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History

A silenced national rebellion: the communists’ problem with the 1863 uprising

Artur Grottger’s depiction of January insurgents, 1863 (Source: Public Domain)

From the very beginning of their seizure of power in Poland, the Communists had a problem with the memory of the January Uprising of 1863-1864. Over the years, they reinterpreted it in such a way that it contained as little as possible descriptions and references to the struggle against Russia (identified by the public during the Polish People’s Republic with the USSR) and exaltations of the heroes of this national uprising.

The Communists, coming to power in 1944, knew perfectly well that they could not omit the January Uprising from their narrative, one of the most important national uprisings, constituting a kind of foundation of Polish patriotism. It was therefore necessary to adopt it as best as possible and show the public such themes that fit in with the rhetoric of the communists, and then gradually but effectively eliminate all mass celebrations.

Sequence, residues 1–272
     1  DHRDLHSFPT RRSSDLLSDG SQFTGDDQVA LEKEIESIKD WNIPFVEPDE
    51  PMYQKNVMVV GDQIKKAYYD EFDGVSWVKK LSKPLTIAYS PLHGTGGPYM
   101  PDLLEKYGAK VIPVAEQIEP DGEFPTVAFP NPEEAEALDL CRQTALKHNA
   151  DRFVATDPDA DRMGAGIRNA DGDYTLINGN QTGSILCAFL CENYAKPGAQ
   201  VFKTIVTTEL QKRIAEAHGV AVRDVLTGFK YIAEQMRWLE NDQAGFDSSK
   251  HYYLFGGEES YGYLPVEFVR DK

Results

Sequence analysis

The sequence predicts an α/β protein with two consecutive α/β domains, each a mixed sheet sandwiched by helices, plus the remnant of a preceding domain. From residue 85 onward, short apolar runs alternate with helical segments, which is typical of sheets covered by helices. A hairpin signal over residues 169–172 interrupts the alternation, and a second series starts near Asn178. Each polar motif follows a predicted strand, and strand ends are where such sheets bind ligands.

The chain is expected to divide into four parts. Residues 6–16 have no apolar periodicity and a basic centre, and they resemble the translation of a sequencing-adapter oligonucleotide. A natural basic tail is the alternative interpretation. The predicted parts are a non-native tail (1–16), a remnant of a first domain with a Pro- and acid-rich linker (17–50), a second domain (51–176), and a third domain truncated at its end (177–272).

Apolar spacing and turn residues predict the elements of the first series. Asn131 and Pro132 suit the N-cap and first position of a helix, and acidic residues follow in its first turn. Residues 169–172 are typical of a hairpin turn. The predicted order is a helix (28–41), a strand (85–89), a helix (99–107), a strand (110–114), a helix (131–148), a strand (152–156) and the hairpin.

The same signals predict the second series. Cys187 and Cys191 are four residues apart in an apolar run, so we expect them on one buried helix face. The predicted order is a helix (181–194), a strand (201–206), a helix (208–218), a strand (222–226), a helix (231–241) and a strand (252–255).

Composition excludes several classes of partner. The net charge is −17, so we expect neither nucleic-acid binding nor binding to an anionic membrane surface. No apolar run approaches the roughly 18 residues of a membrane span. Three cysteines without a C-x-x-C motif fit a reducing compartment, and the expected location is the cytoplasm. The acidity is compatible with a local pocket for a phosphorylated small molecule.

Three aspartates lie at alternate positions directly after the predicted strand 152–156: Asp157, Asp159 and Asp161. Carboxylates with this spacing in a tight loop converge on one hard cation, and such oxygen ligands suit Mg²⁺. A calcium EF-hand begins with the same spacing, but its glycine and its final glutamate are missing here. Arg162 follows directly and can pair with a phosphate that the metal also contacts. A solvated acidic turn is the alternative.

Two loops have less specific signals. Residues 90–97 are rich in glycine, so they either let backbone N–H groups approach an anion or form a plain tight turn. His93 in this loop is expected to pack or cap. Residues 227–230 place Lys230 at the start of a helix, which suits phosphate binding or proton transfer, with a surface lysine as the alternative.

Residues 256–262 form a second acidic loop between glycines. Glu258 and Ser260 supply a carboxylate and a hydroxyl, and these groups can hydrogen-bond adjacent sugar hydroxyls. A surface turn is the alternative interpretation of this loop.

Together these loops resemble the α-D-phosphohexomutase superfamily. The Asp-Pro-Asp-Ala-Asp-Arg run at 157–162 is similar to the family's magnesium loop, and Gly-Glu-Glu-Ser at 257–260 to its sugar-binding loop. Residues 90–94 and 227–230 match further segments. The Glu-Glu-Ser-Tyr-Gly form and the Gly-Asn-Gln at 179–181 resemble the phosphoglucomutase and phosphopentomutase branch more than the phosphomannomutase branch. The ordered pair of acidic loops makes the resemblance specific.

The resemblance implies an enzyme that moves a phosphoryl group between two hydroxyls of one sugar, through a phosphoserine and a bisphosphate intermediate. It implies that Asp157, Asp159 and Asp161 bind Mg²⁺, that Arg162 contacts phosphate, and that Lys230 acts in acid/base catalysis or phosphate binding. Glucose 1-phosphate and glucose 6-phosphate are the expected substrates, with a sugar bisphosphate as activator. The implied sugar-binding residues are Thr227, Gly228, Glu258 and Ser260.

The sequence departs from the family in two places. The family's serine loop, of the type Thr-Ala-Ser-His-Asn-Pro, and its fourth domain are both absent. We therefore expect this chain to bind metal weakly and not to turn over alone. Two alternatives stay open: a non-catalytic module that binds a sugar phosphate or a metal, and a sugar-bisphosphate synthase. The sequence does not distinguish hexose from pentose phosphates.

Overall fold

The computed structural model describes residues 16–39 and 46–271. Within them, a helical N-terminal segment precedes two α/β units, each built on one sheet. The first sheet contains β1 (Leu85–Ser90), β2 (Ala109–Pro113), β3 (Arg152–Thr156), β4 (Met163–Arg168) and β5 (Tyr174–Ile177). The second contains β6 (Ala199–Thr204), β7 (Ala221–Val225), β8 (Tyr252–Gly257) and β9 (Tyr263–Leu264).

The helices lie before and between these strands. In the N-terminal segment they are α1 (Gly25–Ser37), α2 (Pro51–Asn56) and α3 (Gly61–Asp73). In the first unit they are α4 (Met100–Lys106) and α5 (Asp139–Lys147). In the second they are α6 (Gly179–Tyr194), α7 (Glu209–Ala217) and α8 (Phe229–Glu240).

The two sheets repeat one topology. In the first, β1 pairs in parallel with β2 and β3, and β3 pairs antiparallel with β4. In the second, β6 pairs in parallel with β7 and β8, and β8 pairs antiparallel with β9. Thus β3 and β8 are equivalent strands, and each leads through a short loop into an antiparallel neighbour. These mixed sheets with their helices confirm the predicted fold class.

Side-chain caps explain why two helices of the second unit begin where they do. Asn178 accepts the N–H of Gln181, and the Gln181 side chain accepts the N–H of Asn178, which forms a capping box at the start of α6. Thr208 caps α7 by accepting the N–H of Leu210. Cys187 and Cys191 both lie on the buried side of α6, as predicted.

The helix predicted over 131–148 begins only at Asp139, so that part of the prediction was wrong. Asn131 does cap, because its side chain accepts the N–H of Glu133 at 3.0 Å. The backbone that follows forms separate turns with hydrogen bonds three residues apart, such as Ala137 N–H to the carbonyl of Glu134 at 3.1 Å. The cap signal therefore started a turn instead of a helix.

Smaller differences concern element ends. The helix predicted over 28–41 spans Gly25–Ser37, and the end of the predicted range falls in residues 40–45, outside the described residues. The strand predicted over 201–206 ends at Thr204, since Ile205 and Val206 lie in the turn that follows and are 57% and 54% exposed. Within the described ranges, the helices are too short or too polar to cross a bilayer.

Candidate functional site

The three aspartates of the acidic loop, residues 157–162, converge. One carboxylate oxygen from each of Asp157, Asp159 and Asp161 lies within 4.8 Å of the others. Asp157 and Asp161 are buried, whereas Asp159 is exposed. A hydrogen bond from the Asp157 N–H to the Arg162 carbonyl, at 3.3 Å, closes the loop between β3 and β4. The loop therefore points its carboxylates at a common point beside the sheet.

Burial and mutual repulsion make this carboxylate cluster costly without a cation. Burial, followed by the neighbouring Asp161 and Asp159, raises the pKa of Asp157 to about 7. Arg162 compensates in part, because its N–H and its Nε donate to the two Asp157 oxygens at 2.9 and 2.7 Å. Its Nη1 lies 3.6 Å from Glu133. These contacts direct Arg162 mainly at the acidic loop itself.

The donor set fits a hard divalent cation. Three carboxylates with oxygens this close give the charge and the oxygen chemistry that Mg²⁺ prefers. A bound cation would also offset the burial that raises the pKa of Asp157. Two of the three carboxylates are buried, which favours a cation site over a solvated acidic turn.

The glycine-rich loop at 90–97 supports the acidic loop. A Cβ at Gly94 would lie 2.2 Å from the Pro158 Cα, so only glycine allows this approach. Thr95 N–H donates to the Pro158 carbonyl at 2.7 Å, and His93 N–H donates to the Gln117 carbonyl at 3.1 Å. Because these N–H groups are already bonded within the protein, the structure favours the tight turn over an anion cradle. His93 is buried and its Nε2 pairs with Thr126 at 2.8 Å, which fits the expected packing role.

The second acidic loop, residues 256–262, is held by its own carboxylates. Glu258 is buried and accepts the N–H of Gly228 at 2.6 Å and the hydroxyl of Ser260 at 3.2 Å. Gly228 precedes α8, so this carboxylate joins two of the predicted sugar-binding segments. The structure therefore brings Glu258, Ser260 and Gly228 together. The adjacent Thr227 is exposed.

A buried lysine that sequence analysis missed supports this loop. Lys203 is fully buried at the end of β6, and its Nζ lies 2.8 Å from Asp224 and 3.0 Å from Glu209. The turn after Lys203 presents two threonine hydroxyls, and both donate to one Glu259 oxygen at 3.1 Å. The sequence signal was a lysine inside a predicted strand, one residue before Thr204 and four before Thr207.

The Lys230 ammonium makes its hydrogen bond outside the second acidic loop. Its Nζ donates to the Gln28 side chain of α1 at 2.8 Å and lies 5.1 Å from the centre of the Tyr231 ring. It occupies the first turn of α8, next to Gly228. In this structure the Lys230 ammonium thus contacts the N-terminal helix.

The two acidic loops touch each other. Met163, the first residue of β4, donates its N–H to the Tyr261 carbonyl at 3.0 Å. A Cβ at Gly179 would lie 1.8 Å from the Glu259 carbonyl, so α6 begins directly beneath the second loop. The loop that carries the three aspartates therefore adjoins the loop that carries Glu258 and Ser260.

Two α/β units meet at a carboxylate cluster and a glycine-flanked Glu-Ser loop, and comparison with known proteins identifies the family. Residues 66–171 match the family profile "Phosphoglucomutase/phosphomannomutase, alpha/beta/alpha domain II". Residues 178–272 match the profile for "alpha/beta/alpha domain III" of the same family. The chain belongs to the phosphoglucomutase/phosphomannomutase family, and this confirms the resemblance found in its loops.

Therefore, it is not surprising that one of the divisions of the People’s Army of Poland created from the USSR was named after Romuald Traugutt, as was one of the divisions of the Communist Partisan Group “Poland is not dead yet” (Jeszcze Polska nie zginęła), commanded by Robert Satanowski.

In January 1946, the operation to dissect the commemoration of the January Uprising had not yet gained its momentum, as 339 rallies were held across the country to commemorate it, as meticulously recorded by the Ministry of Information and Propaganda. As Marcin Zaremba wrote: “Never later in the history of the People’s Republic of Poland have so many events been held at one time to mark the anniversary of this very uprising.” Over time, the January Uprising disappears from the map of celebrations, becoming one of the uprisings against the Tsar, discussed in history lessons because of its progressive nature, the issue of peasant enfranchisement and the birth of the working class. Efforts were made to suggestively select the heroes of the uprising, fitting them into the portrait of a revolutionary-patriot. In practice, by the time the centennial of the uprising was celebrated, it had disappeared from the authorities’ attention.

Depreciate the bourgeoisie